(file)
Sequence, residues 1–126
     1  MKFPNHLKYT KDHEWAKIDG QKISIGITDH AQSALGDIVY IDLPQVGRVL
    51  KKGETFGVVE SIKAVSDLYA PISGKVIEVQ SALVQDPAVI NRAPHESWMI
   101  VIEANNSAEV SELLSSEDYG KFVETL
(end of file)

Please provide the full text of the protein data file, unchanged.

Sequence, residues 1–126
     1  MKFPNHLKYT KDHEWAKIDG QKISIGITDH AQSALGDIVY IDLPQVGRVL
    51  KKGETFGVVE SIKAVSDLYA PISGKVIEVQ SALVQDPAVI NRAPHESWMI
   101  VIEANNSAEV SELLSSEDYG KFVETL